Word came across the wire Monday of the death of legendary former Nashville Banner sports editor Fred Russell... and the world of sports journalism paused momentarily to mourn the loss of one of its venerable giants.
But for fans and supporters of Vanderbilt sports, the loss cut even more deeply-- the school lost easily the greatest friend it had ever had in the media.
The tributes to Russell and his rich legacy will no doubt flow in over the next few days from his colleagues in the sportswriting fraternity. What can one say about a writer who was a protégé of Grantland Rice; whose writing career spanned eight decades and over 12,000 columns; who covered luminaries like Babe Ruth, Ty Cobb, Bobby Jones and Jack Dempsey?
I will leave it to others to eulogize Russell as the wordsmith and prince of a man that he was. Among Commodore fans, however, he was even more revered, for he represented the last link to a golden era, a time when Vanderbilt was a feared name across the gridirons of the South. His passing marks the ultimate end to that grand era.
Certainly Russell loved all sports, and covered them all, from baseball to boxing to golf to horse racing. From Notre Dame Stadium to Yankee Stadium to the old Sulphur Dell. Russell, the consummate sports editor, saw to it that even the most obscure sports were covered in "The South's liveliest sports section", as the now-defunct Banner used to advertise itself.
But make no mistake, it was Vanderbilt football-- and subsequently Vanderbilt basketball, baseball and other sports-- that held the dearest place in the august editor's heart. Or if not, you could have fooled me. Heck, he was an alumnus, even played a little for the baseball team, if I remember correctly.
From McGugin, Morrison and Sanders, right up through George MacIntyre and Watson Brown, Russell saw them all, knew them all, and waxed eloquent on them all. The inaugural game at Dudley Field in 1922... the famous hidden ball play... the winning streak of 1948... the Gator Bowl... Russell could recount the details at the drop of a hat. He was a walking, living encyclopedia of Vanderbilt football.
Fortunately, much of Russell's best work survives him. In 1936 Russell authored the long out-of-print 50 Years of Vanderbilt Football, the definitive, archival work on the era when Vanderbilt was a feared name across the gridirons of the South. (Good luck finding a copy; you might have better luck tracking down I'll Go Quietly, or his autobiography, Bury Me In an Old Pressbox.) Ironically, had he wanted to do so, he could have penned a sequel, 65 Or So More Years of Vanderbilt Football-- though, sadly, that would have made for mostly dry reading.
A native Middle Tennessean, Russell was the product of a kindlier, gentler era of sportswriting-- a far cry from the caustic, bombastic style of today. Years later, some of it would no doubt be considered sappy. But Russell, ever the Southern gentleman, composed lyrical prose that always found the good side of defeat, and praise for those who fought valiantly.
Appropriately, the pressbox at Vanderbilt Stadium was named years ago for Russell. As one who has had the privilege the last few years of covering football games from the pressbox, I can tell you that the shadow of the great sports bard hangs heavy in the cramped box where he used to ply his craft. A number of timeless photographs make the place almost a shrine.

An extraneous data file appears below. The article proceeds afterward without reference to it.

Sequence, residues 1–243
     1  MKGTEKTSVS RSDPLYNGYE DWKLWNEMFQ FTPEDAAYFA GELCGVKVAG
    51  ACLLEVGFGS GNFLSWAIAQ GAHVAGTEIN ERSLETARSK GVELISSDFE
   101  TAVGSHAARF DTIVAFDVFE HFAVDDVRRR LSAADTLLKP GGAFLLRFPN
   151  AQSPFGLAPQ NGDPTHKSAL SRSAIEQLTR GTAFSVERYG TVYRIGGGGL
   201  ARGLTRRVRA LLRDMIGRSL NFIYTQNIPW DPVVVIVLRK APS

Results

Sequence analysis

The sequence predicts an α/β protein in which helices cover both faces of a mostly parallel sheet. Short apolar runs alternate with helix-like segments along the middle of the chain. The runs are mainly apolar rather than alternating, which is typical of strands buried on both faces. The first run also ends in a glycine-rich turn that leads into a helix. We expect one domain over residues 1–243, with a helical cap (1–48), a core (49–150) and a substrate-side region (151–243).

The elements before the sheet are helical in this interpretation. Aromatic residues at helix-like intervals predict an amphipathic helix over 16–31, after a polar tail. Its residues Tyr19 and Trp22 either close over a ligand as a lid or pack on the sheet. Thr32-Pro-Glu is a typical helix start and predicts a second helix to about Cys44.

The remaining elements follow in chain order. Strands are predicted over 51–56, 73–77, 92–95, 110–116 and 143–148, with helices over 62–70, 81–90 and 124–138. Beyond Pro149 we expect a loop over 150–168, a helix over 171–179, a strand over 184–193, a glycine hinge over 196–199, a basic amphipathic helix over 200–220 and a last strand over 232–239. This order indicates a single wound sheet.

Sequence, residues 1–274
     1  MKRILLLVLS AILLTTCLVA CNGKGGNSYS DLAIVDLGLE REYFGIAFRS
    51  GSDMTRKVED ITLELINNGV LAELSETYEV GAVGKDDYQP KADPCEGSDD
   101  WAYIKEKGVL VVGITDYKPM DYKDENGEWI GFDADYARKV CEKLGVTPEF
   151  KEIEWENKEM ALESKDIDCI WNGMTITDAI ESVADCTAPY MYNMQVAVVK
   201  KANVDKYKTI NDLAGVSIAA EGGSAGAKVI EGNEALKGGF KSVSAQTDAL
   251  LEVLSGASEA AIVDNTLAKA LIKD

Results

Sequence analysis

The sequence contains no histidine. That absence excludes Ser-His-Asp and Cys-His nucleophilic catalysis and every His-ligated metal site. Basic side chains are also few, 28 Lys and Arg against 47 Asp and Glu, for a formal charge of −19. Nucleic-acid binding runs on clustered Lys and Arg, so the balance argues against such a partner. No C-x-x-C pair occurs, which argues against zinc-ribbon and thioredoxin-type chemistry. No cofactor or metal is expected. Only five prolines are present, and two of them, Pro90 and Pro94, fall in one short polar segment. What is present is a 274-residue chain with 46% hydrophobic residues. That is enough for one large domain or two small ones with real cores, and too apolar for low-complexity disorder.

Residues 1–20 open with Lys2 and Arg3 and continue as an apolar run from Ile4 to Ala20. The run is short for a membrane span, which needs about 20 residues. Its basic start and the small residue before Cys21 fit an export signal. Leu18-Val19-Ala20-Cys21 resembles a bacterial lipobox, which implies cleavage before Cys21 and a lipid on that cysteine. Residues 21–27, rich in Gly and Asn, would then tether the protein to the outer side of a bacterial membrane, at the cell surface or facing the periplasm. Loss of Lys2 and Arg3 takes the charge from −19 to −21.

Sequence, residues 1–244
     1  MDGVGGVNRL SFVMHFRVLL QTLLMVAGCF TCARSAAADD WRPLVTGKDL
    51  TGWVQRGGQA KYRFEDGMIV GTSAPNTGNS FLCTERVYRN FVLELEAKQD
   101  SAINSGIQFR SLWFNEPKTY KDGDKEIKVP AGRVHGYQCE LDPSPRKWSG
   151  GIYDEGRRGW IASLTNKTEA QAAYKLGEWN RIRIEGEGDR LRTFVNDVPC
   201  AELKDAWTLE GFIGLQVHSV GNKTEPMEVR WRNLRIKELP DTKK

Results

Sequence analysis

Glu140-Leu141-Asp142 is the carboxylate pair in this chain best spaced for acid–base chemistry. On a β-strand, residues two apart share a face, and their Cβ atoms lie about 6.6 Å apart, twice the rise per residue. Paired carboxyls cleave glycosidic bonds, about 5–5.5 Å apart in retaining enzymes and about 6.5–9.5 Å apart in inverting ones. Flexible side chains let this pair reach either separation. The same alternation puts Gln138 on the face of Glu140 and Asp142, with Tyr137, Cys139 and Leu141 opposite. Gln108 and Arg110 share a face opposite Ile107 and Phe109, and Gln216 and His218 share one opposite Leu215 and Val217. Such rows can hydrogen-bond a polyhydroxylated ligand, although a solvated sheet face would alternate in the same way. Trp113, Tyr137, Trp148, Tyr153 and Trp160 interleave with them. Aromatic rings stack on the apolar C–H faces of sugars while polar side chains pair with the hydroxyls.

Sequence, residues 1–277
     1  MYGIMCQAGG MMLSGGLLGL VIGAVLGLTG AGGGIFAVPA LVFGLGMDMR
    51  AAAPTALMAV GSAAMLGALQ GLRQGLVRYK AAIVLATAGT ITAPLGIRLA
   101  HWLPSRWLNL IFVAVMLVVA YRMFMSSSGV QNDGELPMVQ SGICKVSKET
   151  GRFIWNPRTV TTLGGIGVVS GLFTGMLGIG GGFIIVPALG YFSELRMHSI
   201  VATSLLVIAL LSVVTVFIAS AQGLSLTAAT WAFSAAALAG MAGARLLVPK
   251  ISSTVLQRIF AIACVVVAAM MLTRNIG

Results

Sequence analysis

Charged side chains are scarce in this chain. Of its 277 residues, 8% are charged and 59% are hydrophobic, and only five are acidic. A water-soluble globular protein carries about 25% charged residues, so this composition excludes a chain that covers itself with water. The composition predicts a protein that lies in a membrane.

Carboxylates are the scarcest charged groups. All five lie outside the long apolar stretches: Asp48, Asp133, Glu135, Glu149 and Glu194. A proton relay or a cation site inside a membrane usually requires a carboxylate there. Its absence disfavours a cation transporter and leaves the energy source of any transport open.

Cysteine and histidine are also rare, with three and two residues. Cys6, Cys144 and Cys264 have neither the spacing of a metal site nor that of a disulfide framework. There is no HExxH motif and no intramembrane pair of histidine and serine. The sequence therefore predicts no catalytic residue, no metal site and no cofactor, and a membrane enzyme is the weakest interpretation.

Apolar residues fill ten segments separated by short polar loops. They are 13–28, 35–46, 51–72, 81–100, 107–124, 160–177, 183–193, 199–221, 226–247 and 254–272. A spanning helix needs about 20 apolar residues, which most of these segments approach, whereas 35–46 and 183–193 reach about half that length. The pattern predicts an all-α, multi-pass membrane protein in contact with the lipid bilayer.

Just last April, Vanderbilt also named the pressbox at gleaming, new Charles Hawkins Field for Russell. Though his health was failing, Russell made it to the dedication ceremony in a wheelchair, and made a point of letting everyone in attendance know that his wit was just as sharp as ever.
Fred Russell (1906-2003) passed into the next life late Sunday night at the Richland Nursing Home in Nashville. God bless him-- there'll never be another like him. He was an inspiration to generations of readers, and his legacy of writing is just one more reason why it's great to have been a Nashvillian.
In one of his most inspired, poetic columns, written upon the occasion of Coach Dan McGugin's untimely death in January, 1936, Russell pictured "a little band of men in gold and black" in the celestial abode, deceased Commodore football players who joyfully welcomed their esteemed coach into their circle...
They have been waiting a long time. Finally, "Coach" has come... They sit in a circle. "Coach" has a lot to tell them about the things down there. About old Josh Cody going to Florida; about Ray Morrison's success; about Manier and Craig and the Blakes and Browns and Metzger and Hardage and Bomar and Wakefield and Reese and Spears and the boys.
There's plenty of time in that land of no defeats. Each day they will sit in the circle where the sun is always warm and the grass is ever green. And when each Commodore comes out of the battle of life, just a bit weary, "Coach" will stand up, pat him on the back, and welcome him to the squad that never dies.
Now, 66 years later, "Fearless Fred" has joined the circle, and attained the "land of no defeats"... and doubtless, once again there'll be a good bit of catching up to do.
Comments? Contact Brent firstname.lastname@example.org
photo courtesy of Vanderbilt Athletic Department